Henry J. Shine Endowed Lectures
Dr. Henry J. Shine, Paul Whitfield Horn Professor
This annual lecture series was endowed by students, colleagues and friends of Professor
Shine and supplemented by a grant from the Plum Foundation.
Dr. Shine was born in 1923 in London, England. He received the B. Sc. in chemistry with first class honors from University College, London University in 1944, and his Ph.D. in organic chemistry from Bedford College, London University in 1947. After postdoctoral studies at Iowa State College and the California Institute of Technology, he worked as a research chemist for United States Rubber Company. He joined the faculty of the Department of Chemistry at Texas Tech University in 1954, where he soon became one of the outstanding researchers at the University. In 1968, he was designated as the first Paul Whitfield Horn Professor of Chemistry, an honor that recognized his international research reputation. He was Chairman of the department during 1969-1975.
One of Professor Shine's research interests in physical organic chemistry has been the use of heavy atom kinetic isotope effects to help answer difficult mechanistic questions. His studies of the Claisen rearrangement in both aromatic and vinylic allyl ethers played an important role in defining these reactions as concerted. His investigations of the benzidine rearrangement likewise solved the longstanding question of mechanism. His most recent research was focused on the chemistry of organic cation radicals, concentrating on reactions that are induced by single-electron transfer (SET) to stable cation radicals. This research has led to the discovery of the oxidative decomposition of azoalkanes, which occurs when they react by SET with cation radicals, and leads principally to carbocationic chemistry of these traditional sources of free radicals. Related work has documented the chemistry of radicals formed by SET from Grignard reagents and organomercurials to the thianthrene cation radical. His research in this area has demonstrated the ways in which organosulfur cation radicals add to alkenes and alkynes, and how the adducts lead to further interesting reactions.
Professor Craig Hawker, Department of Chemistry & Biochemistry, University of California, Santa Barbara
Public Lecture: Entrepreneurial Lessons in Chemistry
Technical Lecture: The Power of Organic Chemistry in Functional Polymer Synthesis
Professor Richard R. Schrock, Department of Chemistry, Massachusetts Institute of Technology
Public Lecture: My Path to a Nobel Prize in Chemistry
Technical Lecture: Recent Advances in Olefin Metathesis Chemistry
Professor David W. C. MacMillan, Department of Chemistry, Princeton University
Public Lecture: Why is Chemistry and Catalysis Important to Society?
Technical Lecture: New Photoredox Reactions
Professor K. C. Nicolaou, Department of Chemistry, Rice University
Public Lecture: The Art and Science of Organic Synthesis and its Impact on Science and Society
Technical Lecture: Total Synthesis of Natural and Designed Molecules of Biological and Medical Importance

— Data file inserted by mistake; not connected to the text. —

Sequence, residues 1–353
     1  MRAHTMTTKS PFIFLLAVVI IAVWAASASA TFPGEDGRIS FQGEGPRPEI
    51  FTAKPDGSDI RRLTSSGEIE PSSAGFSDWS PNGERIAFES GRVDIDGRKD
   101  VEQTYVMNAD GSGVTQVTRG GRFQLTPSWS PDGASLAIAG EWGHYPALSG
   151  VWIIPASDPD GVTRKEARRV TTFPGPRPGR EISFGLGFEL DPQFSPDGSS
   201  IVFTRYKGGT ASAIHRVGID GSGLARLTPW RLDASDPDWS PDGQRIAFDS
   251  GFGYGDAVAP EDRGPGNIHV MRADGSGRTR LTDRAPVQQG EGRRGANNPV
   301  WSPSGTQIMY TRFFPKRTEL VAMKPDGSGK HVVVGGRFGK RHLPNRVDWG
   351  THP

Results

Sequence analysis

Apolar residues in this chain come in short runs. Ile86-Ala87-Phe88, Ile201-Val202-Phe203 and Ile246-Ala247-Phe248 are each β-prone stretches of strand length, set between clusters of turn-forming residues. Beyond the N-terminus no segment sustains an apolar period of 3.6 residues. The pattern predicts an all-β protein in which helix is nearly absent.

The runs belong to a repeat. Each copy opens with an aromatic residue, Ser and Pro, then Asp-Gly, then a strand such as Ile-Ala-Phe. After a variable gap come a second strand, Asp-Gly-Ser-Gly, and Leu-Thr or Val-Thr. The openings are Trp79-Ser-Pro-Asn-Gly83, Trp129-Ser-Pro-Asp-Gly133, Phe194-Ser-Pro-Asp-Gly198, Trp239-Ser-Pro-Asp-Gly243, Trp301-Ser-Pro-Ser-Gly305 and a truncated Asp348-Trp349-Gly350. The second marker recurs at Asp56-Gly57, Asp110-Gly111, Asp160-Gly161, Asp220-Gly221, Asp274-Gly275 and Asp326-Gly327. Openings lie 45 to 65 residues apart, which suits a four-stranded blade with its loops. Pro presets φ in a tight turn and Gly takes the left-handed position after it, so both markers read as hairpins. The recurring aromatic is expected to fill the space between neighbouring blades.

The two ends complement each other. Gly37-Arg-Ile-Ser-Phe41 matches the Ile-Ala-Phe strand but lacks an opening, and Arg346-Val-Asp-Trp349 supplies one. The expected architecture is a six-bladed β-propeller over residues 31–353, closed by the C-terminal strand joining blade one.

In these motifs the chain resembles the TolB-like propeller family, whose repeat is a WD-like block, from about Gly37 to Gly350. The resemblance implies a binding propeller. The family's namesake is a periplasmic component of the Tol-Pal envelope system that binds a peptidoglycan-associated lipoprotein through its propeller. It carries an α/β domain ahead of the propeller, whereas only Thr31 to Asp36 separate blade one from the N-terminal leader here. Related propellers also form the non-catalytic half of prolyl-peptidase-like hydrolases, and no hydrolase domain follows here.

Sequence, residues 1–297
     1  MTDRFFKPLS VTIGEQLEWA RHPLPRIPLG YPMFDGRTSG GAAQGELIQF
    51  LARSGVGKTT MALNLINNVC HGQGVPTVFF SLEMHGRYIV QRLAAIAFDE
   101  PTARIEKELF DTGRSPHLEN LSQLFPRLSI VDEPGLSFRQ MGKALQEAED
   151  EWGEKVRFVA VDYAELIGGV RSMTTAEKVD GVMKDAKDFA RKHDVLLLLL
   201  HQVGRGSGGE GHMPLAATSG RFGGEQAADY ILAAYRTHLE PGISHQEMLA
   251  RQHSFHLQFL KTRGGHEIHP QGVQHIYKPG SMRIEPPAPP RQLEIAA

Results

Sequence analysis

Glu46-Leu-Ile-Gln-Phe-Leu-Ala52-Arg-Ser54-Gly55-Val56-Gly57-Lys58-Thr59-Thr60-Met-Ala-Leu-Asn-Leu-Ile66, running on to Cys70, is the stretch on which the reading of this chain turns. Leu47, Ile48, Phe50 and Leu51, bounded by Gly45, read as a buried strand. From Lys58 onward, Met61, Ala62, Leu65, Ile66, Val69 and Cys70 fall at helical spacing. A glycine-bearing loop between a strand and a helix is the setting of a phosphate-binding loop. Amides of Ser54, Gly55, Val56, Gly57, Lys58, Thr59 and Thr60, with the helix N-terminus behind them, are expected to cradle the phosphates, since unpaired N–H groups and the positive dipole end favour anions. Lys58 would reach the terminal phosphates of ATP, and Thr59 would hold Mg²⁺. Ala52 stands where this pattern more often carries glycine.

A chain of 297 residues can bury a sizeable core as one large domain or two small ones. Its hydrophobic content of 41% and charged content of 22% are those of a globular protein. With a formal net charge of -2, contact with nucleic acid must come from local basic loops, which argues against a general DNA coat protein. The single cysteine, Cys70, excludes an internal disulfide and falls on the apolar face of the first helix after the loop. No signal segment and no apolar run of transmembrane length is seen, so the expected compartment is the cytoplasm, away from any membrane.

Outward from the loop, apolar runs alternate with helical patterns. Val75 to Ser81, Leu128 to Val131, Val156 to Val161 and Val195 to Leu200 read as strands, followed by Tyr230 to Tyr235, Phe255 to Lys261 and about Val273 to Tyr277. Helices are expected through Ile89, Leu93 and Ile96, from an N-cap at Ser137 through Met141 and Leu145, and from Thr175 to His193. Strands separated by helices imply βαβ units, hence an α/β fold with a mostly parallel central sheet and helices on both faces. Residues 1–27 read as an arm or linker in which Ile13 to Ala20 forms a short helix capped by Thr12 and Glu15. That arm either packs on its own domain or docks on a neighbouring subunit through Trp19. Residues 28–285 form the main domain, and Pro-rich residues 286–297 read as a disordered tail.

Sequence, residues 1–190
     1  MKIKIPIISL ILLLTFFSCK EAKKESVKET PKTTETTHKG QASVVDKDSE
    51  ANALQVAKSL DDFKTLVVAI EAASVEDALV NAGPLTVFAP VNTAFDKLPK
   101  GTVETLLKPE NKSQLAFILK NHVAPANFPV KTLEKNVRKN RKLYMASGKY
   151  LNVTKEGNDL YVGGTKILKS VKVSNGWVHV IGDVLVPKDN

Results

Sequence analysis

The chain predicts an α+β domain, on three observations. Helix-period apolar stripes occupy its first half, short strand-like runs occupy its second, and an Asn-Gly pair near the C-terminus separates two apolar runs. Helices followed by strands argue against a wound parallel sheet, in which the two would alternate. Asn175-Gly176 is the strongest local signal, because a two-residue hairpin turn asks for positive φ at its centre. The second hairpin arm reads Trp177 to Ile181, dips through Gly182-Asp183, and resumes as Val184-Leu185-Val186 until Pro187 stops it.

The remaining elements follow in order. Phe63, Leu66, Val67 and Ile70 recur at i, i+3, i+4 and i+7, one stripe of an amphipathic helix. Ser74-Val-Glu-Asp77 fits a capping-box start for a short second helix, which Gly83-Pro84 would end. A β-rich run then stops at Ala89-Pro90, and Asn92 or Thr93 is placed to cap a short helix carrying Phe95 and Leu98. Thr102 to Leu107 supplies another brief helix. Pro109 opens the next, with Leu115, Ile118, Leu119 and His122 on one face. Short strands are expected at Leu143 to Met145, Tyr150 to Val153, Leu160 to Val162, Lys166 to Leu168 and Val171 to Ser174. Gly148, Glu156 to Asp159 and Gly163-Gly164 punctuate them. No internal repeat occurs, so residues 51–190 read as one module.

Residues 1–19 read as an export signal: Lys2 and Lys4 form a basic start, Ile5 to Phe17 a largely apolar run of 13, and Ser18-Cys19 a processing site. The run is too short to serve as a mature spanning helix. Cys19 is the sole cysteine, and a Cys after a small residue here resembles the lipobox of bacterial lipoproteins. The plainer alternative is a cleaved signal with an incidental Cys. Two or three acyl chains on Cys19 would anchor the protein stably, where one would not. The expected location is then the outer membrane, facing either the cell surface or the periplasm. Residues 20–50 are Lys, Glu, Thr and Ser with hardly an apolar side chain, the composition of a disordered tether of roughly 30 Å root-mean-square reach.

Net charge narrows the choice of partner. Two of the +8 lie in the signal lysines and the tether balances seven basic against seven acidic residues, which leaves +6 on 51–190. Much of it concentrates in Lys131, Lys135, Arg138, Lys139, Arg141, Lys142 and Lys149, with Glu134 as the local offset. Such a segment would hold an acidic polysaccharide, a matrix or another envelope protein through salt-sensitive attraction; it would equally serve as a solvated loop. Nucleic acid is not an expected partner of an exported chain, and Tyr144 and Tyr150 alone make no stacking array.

Professor M. Christina White, Department of Chemistry, University of Illinois
Public Lecture: Taming the Force of Oxidation
Technical Lecture: The Functionalization of C-H Bonds
Professor Melanie S. Sanford, Department of Chemistry, University of Michigan
"Tackling Problems in Sustainable Energy Using Transition Metal Catalysis"
Professor Stephen L. Buchwald, Camille Dreyfus Professor of Chemistry, Massachusetts Institute of Technology
Public Lecture: Palladium-Catalyzed Carbon-Nitrogen and Carbon-Carbon Bond-Formation Reactions: Progress, Applications and Mechanistic Studies
Scientific Lecture: Flow Chemistry: Opportunities for the Development of New and Useful Synthetic Methodology
Professor Robert M. Williams, Department of Chemistry, Colorado State University
"Quinine! A Story of Chemistry, History, Personalities and Ethics"
Professor Peter J. Stang, Department of Chemistry, University of Utah
"Chemical Publishing in the 21st Century: Perspectives of a JACS Editor"
Professor Aaron Ciechanover, Tumor and Vascular Biology Research Center, The Rappaport Faculty of Medicine and
Research Institute, Technion-Israel Institute of Technology
"Why Our Proteins Have to Die So We Shall Live"
Professor Iwao Ojima, Department of Chemistry, State University of New York at Stony Brook
"Tumor-Targeting Cancer Chemotherapy"
Professor Robert H. Grubbs, Division of Chemistry & Chemical Engineering, California Institute of Technology
"From Fundamental Research to Applications: The Olefin Metathesis Reaction"
Professor Jacqueline K. Barton, Division of Chemistry & Chemical Engineering, California Institute of Technology
"Travels Along the DNA Helix: A Different Perspective"
Professor Amos B. Smith, III, University of Pennsylvania
"Evolution of a Gram Scale Total Synthesis of (+)-Spongistatin 1: Challenges, Excitement, and Frustrations"
Professor Dennis P. Curran, University of Pittsburgh
"An Introduction to Fluorous Synthesis: From Separating Mixtures to Making Mixtures"
Professor Barry M. Trost, Stanford University
"On Inventing Reactions for Atom Economy"
Professor Julius Rebek, Jr., The Scripps Research Institute
"Molecular Assembly and Encapsulation"
Professor Peter B. Dervan, California Institute of Technology
"Regulation of Gene Expression by Synthetic DNA Binding Ligands"
Professor Clayton H. Heathcock, University of California, Berkeley
"Total Synthesis of Spongistatin, a Marine Natural Product with Unprecedented Cytotoxicity"
Department of Chemistry & Biochemistry
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